Rich Americans who have evaded taxes by hiding their foreign holdings have about a week to decide whether to turn themselves in to an Internal Revenue Service amnesty program or gamble that they will not be caught.

U.S. citizens with undeclared assets in tax havens such as Switzerland face a September 23 deadline to reveal their holdings, pay a fine and generally avoid criminal prosecution. When that amnesty program expires, any tax cheats found by the government could face criminal prosecution.

The IRS expects to find some tax evaders soon. UBS AG, the Swiss banking giant, agreed to hand over to the IRS the names of about 4,450 secret accounts as part of a court settlement reached last month.

This is sort of their last, best chance if they are going to get off with lenient treatment, said Evan Stewart, a regulatory lawyer at the firm Zuckerman Spaeder.

If you're sitting there and you've sheltered $50 million from the U.S. government, are you willing to gamble with the (list of) 4,500 (names), and live in terror for a year? Stewart said.

The IRS said that in one week of July, about 400 individuals turned themselves in under the amnesty program. That was four times higher than the number of tax-evaders who stepped forward in all of 2008, according to the agency.

The IRS declined to provide any other figures about participation in its amnesty program.

IRS Commissioner Doug Shulman warned investors with money or securities in overseas accounts to step forward before the deadline. Once the Swiss government turns over names, all bets are off, he said when announcing the UBS deal.

It appears to be working.

They are all terrified, said Ken Rubinstein, who handles such cases in New York.

Under the UBS settlement, the bank agreed to first hand over names of 500 clients within about two months to Swiss authorities, who will review them before sending the list to U.S. officials. The remaining names will be submitted in a similar process by about May of next year.

At the same time, IRS officials have said that other foreign banks are being queried for possibly helping the wealthy evade taxes, although they have declined to be specific.

Lawyers say their clients include UBS holders but also those with funds at HSBC Holdings PLC Credit Suisse Group AG and in other offshore locations such as the Cayman Islands.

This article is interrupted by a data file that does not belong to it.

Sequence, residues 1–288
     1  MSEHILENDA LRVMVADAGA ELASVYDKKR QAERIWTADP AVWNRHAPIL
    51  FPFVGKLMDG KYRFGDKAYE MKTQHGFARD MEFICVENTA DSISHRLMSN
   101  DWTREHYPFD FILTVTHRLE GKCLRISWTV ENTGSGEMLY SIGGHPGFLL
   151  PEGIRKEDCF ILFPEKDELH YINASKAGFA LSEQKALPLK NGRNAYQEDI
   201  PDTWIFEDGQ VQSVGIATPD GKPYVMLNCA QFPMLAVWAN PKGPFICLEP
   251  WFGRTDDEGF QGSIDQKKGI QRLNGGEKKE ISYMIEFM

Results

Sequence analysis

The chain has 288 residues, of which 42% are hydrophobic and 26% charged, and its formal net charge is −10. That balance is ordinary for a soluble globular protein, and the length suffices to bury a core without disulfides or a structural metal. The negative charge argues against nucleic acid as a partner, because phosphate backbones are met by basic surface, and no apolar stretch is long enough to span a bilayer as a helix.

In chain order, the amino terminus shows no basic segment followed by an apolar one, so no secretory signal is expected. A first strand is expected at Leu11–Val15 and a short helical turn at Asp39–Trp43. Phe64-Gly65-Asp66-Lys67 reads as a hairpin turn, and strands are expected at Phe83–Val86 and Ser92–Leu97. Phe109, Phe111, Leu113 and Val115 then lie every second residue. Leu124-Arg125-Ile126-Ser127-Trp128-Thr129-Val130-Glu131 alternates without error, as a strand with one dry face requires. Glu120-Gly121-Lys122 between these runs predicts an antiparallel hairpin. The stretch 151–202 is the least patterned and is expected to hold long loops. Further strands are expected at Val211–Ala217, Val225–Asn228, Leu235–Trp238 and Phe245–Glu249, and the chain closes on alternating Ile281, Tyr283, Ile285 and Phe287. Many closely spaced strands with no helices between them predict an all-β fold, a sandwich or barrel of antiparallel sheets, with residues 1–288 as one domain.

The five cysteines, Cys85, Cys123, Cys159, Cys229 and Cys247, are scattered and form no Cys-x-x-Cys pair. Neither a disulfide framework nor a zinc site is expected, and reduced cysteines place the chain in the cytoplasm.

The approaching deadline has created a boon for tax lawyers.

We and pretty much every other practitioner I know are being swamped with calls from clients who have waited until the 11th hour, said Scott Michel, a lawyer who is handling about 250 amnesty cases at Caplin & Drysdale.

Michel, whose clients have accounts valued between $1 million and $10 million, said they range from sympathetic Holocaust survivors to more typical tax dodgers.

There are some people who were just cheating on their taxes; there is no doubt about it, Michel said.

The IRS began the program in March, part of an agency-wide focus on catching tax dodgers, to help make a dent in the $345 billion tax gap -- the amount the agency estimates goes uncollected each year.

Steven Mopsick, who worked for the IRS for 30 years, said he is getting a three-day turnaround when he submits information to the IRS for the amnesty program.

After checks on a client's passport or Social Security number to ensure there are no ongoing IRS probes, and a signature confirming that no income has come from illegal sources, the IRS grants a conditional approval before even looking at the tax forms.

The agency is interested in getting these things approved, said Mopsick, who is handling about 30 clients with accounts valued between $1 million and $2 million. The acceptance letter says you have been conditionally approved for the program; sit tight and an agent will contact you, he said.

Several lawyers involved in the program say many of their clients are immigrants who have inherited the funds.

The one thing that I'm noticing with some degree of surprise is how ordinary the clients are, Rubinstein said. The vast majority of our clients are ordinary. We haven't seen many billionaires.

(Reporting by Kim Dixon, editing by Dave Zimmerman)